Some PowerShell to find all the VMs in an ESX environment which are powered on and running Windows XP or Server 2003.
In my VMware ESX environment I have a number of virtual machines still running Windows XP or Server 2003- usually performing very specific tasks or allowing access to legacy applications, but still part of the production environment. With the recent End of Support for Windows XP and the upcoming one next year for Server 2003 I need to look at each of these VMs and see if they can be upgraded or decommissioned. Listing these in the GUI is fiddly at best- I want VMs with one of these two OSes, from any datacentre and I only care about VMs which are powered on. So, PowerCLI to the rescue:
.PowerState -eq "PoweredOn" -and
.Guest -like "*Windows XP*" -or $_
.Guest -like "*Server 2003*")} |
MyServer1 Microsoft Windows Server 2003 Standard (32-bit)
MyServer2 Microsoft Windows Server 2003 Standard (32-bit)
MyServer3 Microsoft Windows Server 2003 Standard (32-bit)
MyXPVM1 Microsoft Windows XP Professional (32-bit)
MyXPVM2 Microsoft Windows XP Professional (32-bit)
Not the most complicated piece of scripting, but it’s answered my question and I can refer back to it as upgrades continue to see what systems remain.
I opened IE this morning (this machine is IE7 on Windows XP) and nearly all the text on every page was in italic. Now assuming that various companies including Microsoft, Google, and my employer hadn’t suddenly decided that italics was the new marquee I decided the fault was probably localised to my computer.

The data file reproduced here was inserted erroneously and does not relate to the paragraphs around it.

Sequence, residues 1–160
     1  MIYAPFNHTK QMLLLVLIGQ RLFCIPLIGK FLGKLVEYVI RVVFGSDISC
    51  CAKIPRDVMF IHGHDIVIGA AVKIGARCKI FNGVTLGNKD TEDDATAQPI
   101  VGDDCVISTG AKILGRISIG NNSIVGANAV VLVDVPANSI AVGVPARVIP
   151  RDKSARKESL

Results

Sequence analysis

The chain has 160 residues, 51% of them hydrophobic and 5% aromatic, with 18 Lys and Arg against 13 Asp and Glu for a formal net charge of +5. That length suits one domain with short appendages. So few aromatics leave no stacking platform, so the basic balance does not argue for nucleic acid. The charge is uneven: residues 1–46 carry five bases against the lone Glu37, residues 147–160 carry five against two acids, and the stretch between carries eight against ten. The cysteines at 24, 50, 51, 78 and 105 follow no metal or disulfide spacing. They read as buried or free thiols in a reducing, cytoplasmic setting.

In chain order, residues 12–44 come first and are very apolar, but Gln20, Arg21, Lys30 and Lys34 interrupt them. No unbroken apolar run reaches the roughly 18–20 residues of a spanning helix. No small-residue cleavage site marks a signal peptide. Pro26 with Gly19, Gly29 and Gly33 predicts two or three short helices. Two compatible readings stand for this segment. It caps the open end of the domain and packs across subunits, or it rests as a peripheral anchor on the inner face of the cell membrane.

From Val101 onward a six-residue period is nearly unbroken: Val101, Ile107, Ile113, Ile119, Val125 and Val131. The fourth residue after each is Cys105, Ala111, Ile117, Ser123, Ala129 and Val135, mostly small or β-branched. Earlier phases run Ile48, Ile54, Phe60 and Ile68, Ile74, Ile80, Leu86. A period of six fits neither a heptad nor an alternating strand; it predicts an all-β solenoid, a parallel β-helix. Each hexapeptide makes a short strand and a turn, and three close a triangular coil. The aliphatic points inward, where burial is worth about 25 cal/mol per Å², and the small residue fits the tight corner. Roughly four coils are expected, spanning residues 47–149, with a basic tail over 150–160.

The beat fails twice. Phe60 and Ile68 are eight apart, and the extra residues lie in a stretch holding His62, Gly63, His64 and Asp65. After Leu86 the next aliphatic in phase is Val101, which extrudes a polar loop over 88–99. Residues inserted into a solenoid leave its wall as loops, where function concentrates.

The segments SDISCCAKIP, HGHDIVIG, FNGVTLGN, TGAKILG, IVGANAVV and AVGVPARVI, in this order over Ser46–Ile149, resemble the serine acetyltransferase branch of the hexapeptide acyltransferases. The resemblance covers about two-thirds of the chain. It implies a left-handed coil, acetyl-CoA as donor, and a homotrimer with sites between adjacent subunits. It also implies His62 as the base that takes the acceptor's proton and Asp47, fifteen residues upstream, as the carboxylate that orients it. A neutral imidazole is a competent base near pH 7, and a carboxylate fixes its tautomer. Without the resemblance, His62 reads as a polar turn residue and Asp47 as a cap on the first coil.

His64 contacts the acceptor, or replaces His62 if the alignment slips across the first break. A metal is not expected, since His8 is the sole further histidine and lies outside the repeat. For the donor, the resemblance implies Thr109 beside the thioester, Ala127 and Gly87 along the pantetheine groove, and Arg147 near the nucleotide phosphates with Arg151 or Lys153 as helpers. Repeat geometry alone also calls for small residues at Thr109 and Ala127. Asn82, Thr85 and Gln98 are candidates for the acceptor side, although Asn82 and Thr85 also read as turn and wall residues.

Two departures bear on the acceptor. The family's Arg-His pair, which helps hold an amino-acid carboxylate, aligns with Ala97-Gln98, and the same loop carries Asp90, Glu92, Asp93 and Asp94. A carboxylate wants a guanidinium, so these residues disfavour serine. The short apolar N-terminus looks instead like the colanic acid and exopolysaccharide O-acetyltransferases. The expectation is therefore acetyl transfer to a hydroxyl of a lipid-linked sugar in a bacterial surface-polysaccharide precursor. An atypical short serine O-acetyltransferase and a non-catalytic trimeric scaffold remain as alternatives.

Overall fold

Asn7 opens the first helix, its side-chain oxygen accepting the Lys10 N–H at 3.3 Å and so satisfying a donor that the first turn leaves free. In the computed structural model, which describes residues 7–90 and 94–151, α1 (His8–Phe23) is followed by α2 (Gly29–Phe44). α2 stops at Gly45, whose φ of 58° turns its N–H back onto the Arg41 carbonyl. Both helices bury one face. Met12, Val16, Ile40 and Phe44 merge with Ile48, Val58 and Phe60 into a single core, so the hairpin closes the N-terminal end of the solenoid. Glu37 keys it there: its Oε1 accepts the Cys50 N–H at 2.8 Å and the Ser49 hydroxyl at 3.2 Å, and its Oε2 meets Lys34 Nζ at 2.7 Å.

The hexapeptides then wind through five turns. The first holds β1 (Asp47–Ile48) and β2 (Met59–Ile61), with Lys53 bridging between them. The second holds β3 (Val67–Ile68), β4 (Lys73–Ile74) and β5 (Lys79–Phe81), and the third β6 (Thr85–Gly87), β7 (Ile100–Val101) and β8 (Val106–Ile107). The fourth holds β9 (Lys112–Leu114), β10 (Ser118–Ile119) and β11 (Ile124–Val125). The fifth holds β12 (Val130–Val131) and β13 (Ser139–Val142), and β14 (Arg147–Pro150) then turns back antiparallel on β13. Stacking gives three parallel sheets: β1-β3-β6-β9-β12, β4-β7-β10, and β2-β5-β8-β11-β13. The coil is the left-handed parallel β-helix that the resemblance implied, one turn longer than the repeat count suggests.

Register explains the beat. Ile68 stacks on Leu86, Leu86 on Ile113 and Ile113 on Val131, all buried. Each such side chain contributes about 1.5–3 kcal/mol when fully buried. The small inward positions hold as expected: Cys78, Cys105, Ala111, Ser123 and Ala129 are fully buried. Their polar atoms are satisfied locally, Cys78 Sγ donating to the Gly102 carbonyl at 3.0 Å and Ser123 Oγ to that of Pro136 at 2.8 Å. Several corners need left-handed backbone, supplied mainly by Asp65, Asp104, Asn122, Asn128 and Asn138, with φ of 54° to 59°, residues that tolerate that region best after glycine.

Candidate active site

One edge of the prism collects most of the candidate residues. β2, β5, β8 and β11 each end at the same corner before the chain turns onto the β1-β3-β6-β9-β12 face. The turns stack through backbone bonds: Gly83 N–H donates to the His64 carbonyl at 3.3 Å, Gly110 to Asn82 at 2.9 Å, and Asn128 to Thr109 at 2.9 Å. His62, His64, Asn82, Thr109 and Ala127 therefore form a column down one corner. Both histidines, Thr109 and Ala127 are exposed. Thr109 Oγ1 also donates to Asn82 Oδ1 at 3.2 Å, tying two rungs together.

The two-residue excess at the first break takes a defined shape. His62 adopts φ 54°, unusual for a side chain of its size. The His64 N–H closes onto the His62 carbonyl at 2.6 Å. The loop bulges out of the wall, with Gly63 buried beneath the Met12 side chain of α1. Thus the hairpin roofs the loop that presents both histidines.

The solution turned out to be in the fonts. Continue reading
In Windows XP, the Scheduled Tasks system only offers the choice of “Daily”, “Weekly”, “Monthly”, “Once” or when the computer starts or the user logs on. It’s possible, however, to schedule tasks to occur much more frequently, for example every 15 minutes.
One of those UNIX commands that is oh-so-useful when working from the command line is “du” or disk usage. This command calculates the total size of all the files and subfolders within a folder.
Sysinternals have a Windows version available here- http://technet.microsoft.com/en-gb/sysinternals/bb896651.aspx
By default on a Windows XP pressing the Shift Key 5 times in a row turns on StickyKeys and brings up the warning dialog. In normal operation this doesn’t happen very often, but if you’re bashing someone with your rifle in Call of Duty it can pull you out of the game to show this dialog.
Normally you click on the proffered Settings button on the warning dialog and you can disable this feature. However on some configurations clicking on the Settings button does nothing. Continue reading